The Bright Boys: A History of Townsend Harris High School

Greenwood Publishing Group
1
Free sample

Named for the man who brought free higher education to city youths unable to afford the two local private colleges, Townsend Harris High School reminded generations of New Yorkers of the city's debt to him. Its mission was to prepare young men for success at City College, where education was free to graduates of the city's public high schools. The school's three year course was tough and rigorous. Students learned to survive and perform, or they left.

By the 1930s, Townsend Harris was synonymous for bright boys, students who scored high on the yearly Regents examinations, but whose athletic ability, hard as they tried, was something of a joke. The author traces the development of the preparatory school from the first years of its beginning in 1849 to its 1942 closing by Mayor Fiorello LaGuardia amid much controversy.

Read more

About the author

EILEEN F. LEBOW is the author of A Grandstand Seat: The American Balloon Service in World War I (Praeger, 1998), and Cal Rodgers and the Vin Fiz: The First Transcontinental Flight (1998). Lebow taught in the Maryland public schools for thirty years.

Read more
4.0
1 total
Loading...

Additional Information

Publisher
Greenwood Publishing Group
Read more
Published on
Dec 31, 2000
Read more
Pages
227
Read more
ISBN
9780313314797
Read more
Language
English
Read more
Genres
Education / Secondary
Read more
Content Protection
This content is DRM protected.
Read more
Read Aloud
Available on Android devices
Read more
Eligible for Family Library

Reading information

Smartphones and Tablets

Install the Google Play Books app for Android and iPad/iPhone. It syncs automatically with your account and allows you to read online or offline wherever you are.

Laptops and Computers

You can read books purchased on Google Play using your computer's web browser.

eReaders and other devices

To read on e-ink devices like the Sony eReader or Barnes & Noble Nook, you'll need to download a file and transfer it to your device. Please follow the detailed Help center instructions to transfer the files to supported eReaders.
“In all of the literature addressing education, race, poverty, and criminal justice, there has been nothing quite like Reading with Patrick.”—The Atlantic

A memoir of the life-changing friendship between an idealistic young teacher and her gifted student, jailed for murder in the Mississippi Delta

Recently graduated from Harvard University, Michelle Kuo arrived in the rural town of Helena, Arkansas, as a Teach for America volunteer, bursting with optimism and drive. But she soon encountered the jarring realities of life in one of the poorest counties in America, still disabled by the legacy of slavery and Jim Crow. In this stirring memoir, Kuo, the child of Taiwanese immigrants, shares the story of her complicated but rewarding mentorship of one student, Patrick Browning, and his remarkable literary and personal awakening.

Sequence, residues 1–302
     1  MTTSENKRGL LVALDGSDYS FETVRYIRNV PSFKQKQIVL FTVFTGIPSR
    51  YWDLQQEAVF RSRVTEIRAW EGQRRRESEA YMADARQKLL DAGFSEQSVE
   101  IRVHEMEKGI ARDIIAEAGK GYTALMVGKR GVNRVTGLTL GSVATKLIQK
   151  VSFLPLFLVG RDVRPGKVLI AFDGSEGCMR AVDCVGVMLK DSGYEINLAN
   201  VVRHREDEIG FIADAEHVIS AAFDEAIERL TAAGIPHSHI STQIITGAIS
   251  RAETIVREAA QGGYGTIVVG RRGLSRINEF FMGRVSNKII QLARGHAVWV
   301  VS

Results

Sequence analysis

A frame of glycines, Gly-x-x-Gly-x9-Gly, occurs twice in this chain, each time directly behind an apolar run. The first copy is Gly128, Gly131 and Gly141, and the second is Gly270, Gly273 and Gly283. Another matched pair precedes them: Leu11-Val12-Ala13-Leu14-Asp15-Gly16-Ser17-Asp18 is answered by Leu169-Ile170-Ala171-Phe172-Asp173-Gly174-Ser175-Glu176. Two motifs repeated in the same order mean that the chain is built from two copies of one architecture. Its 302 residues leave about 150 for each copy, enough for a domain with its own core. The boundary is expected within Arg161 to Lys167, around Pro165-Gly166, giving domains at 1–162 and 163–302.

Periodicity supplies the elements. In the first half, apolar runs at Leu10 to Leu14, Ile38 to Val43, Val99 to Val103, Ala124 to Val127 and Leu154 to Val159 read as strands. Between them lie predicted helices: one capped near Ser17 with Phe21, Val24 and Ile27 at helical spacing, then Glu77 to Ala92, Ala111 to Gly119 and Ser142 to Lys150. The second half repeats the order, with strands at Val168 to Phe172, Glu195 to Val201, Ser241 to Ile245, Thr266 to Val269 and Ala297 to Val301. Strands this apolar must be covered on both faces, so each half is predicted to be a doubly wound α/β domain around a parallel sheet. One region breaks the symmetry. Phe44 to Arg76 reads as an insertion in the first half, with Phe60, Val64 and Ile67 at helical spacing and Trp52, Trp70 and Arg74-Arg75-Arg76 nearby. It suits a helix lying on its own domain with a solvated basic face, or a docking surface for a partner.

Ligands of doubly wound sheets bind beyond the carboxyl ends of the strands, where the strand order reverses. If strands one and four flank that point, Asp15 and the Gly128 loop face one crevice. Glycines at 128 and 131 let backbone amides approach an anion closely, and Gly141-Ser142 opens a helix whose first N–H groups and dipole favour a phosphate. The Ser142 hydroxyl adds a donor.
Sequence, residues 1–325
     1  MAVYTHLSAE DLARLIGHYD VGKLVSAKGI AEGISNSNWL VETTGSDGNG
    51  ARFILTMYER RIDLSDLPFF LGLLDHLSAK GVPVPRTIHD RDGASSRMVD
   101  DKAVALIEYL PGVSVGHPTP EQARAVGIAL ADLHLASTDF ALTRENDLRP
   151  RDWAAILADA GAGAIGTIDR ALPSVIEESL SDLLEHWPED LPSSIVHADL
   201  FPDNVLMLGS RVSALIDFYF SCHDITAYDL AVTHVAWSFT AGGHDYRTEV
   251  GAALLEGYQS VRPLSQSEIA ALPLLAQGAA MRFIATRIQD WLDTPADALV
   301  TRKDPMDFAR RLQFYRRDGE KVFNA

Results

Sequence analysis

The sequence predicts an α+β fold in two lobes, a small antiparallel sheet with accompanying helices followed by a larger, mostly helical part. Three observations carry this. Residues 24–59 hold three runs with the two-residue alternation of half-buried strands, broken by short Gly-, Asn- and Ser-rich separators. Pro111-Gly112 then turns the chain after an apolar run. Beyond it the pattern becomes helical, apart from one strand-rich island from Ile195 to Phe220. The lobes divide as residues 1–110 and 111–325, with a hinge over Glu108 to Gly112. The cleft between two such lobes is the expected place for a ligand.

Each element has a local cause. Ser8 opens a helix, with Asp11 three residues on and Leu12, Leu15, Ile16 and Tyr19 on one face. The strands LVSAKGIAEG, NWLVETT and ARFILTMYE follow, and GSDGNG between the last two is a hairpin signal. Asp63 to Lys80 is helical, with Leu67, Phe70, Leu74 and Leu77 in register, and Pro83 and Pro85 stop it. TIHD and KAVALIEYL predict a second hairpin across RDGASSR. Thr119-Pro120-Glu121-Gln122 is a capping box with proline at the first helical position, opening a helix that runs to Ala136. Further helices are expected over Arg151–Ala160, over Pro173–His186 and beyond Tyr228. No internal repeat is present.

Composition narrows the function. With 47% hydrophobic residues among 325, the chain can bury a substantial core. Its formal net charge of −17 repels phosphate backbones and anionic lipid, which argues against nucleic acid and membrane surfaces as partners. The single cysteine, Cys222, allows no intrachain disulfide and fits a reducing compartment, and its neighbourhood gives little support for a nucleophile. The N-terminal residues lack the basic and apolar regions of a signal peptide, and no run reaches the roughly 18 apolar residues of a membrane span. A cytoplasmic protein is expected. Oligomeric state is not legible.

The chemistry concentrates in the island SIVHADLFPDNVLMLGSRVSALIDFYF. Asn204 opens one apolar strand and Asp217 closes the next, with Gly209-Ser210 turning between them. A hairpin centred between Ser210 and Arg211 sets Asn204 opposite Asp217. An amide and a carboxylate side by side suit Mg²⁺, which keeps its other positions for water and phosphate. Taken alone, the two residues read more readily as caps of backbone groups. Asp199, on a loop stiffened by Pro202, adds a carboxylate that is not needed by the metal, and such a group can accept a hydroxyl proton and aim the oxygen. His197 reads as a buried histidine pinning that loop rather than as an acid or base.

Convinced she can make a difference in the lives of her teenaged students, Michelle Kuo puts her heart into her work, using quiet reading time and guided writing to foster a sense of self in students left behind by a broken school system. Though Michelle loses some students to truancy and even gun violence, she is inspired by some such as Patrick. Fifteen and in the eighth grade, Patrick begins to thrive under Michelle’s exacting attention. However, after two years of teaching, Michelle feels pressure from her parents and the draw of opportunities outside the Delta and leaves Arkansas to attend law school.

Then, on the eve of her law-school graduation, Michelle learns that Patrick has been jailed for murder. Feeling that she left the Delta prematurely and determined to fix her mistake, Michelle returns to Helena and resumes Patrick’s education—even as he sits in a jail cell awaiting trial. Every day for the next seven months they pore over classic novels, poems, and works of history. Little by little, Patrick grows into a confident, expressive writer and a dedicated reader galvanized by the works of Frederick Douglass, James Baldwin, Walt Whitman, W. S. Merwin, and others. In her time reading with Patrick, Michelle is herself transformed, contending with the legacy of racism and the questions of what constitutes a “good” life and what the privileged owe to those with bleaker prospects.

“A powerful meditation on how one person can affect the life of another . . . One of the great strengths of Reading with Patrick is its portrayal of the risk inherent to teaching.”—The Seattle Times

“[A] tender memoir.”—O: The Oprah Magazine
©2018 GoogleSite Terms of ServicePrivacyDevelopersArtistsAbout Google|Location: United StatesLanguage: English (United States)
By purchasing this item, you are transacting with Google Payments and agreeing to the Google Payments Terms of Service and Privacy Notice.